There are many factors that induce a sneeze and it may not be the same for two people in the same family. Some people sneeze as they come out of their home on a sunny day, while others get a sneeze when they pop a chewing gum into their mouth. Many people have a fickle nose and start sneezing at the smallest excuse like after an exercise, when plucking the eyebrow or eve after sex.
Here is a glimpse at why these people sneeze at such times and all about why we sneeze at all.
Sneezes start in the nerves
All our nervous system is basically wired in the same way, but signals travelling along the nerves take various paths to and from the brain and thus the different situations in which a person sneezes and others don’t. It is actually a result of a nerve transmission that tells the brain that something is in the nose and needs to come out.
Sneezing keeps the body safe
Sneezing is a vital part of the immune process, helping us keep healthy and free from infections. A sneeze actually clears the nose of bacteria and viruses and thus protects the body. What happens is, when some foreign body enters our nose it triggers off the ‘sneeze centre’ in our brain, which is located in the lower brain stem. Thereafter signals are rapidly sent to tightly close the throat, eyes and mouth. The chest muscles rapidly close and the throat muscles quickly relax. Instantly air along with saliva and mucus is forced out of the mouth and nose and so finally you have sneezed.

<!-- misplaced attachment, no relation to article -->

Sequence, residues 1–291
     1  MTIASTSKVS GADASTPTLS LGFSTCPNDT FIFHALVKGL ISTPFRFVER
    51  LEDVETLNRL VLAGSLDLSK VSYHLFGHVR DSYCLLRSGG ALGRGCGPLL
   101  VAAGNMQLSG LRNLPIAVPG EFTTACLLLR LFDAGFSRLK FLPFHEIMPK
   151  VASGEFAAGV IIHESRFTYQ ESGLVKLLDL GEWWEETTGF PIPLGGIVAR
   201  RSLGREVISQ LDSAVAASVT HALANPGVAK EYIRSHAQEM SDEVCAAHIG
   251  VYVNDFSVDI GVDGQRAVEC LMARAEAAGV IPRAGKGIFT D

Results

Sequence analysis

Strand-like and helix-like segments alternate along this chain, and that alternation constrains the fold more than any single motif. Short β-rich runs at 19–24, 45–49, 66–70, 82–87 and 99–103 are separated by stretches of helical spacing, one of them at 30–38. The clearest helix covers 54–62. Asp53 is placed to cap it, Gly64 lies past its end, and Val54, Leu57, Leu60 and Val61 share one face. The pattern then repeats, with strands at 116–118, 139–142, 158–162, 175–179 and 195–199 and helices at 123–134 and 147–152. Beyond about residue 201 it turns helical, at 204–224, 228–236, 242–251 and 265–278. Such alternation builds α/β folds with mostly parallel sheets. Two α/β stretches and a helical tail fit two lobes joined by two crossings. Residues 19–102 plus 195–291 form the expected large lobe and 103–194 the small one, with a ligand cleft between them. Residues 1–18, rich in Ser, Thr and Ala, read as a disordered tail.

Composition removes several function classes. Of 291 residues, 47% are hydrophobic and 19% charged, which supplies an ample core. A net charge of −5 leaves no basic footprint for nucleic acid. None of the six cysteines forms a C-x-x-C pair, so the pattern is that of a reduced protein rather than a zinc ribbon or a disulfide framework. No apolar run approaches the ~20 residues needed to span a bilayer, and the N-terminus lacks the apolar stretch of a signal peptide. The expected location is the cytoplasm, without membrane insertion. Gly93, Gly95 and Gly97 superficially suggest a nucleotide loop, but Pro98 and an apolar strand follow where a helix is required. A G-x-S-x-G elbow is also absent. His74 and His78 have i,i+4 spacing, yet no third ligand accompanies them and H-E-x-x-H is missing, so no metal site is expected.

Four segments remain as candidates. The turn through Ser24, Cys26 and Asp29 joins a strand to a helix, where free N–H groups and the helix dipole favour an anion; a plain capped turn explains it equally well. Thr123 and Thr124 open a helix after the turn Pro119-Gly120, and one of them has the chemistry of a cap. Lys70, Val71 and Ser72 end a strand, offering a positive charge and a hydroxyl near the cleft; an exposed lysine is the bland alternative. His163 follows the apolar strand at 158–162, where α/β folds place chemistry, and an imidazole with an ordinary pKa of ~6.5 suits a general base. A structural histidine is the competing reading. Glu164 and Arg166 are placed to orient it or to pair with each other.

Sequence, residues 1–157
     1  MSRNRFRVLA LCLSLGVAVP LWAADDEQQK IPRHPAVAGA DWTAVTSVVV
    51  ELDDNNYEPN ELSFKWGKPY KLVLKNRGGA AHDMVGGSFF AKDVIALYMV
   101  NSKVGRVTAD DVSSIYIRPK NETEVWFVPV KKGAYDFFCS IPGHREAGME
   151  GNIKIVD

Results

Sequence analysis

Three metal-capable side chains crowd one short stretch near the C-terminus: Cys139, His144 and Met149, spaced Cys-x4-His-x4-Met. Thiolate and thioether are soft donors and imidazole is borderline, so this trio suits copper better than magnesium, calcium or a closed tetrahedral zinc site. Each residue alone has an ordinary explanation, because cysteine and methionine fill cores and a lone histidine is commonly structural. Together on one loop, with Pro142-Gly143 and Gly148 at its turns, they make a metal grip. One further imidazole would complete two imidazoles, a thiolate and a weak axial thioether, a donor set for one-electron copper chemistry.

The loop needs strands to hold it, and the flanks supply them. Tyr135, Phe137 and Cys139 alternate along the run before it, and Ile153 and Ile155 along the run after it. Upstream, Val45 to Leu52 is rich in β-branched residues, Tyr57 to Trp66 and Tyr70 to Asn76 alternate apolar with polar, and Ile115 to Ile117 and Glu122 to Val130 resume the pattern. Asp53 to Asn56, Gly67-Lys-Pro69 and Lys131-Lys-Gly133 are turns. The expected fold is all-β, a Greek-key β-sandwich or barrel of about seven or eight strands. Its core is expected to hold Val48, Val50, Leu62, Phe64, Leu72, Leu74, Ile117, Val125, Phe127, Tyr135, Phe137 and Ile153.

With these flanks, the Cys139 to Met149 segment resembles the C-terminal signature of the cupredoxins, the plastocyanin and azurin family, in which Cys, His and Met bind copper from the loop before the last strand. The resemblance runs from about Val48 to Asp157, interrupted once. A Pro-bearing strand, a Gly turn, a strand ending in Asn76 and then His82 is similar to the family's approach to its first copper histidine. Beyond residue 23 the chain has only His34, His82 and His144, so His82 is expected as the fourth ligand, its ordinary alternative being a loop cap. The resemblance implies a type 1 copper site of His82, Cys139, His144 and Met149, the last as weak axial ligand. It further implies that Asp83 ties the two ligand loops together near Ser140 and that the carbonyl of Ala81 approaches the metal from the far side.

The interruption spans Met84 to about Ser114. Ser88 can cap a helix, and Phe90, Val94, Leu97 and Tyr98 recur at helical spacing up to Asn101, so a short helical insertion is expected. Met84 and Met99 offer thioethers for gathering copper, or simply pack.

Sneeze has high speed
You will be surprised to know that a sneeze actually travels at about 100 miles per hour. It is estimated that a single sneeze can shoot into the air 100,000 germs.
Plucking eyebrows causes a sneeze
When you pluck your eyebrows a particular nerve in the face that supplies the nasal passage is set off and produces a sneeze.
People don’t sneeze in sleep
People in deep sleep never sneeze, since the sneeze inducing nerves are not stimulated and go to sleep and so there is no sneeze during your sleep.
Exercise makes one sneeze
For some people an exercise session may bring on a sneeze. When a person hyperventilate due to exertion the nose and mouth start to dry up, the nose then starts dripping and this makes you sneeze.
Sunshine makes one sneeze
One out of three people get a sneeze as bright sunlight hits them. These kind of sneezers are called light sneezers or ‘photics’, from Greek for ‘of light’. Light sensitivity is an inherited trait and it is passed on from our parents.
How can you stop a sneeze?
While it may not entirely be a fool-proof solution, breathing through the nose and pinching the end of the nose can stop a sneeze in its tracks.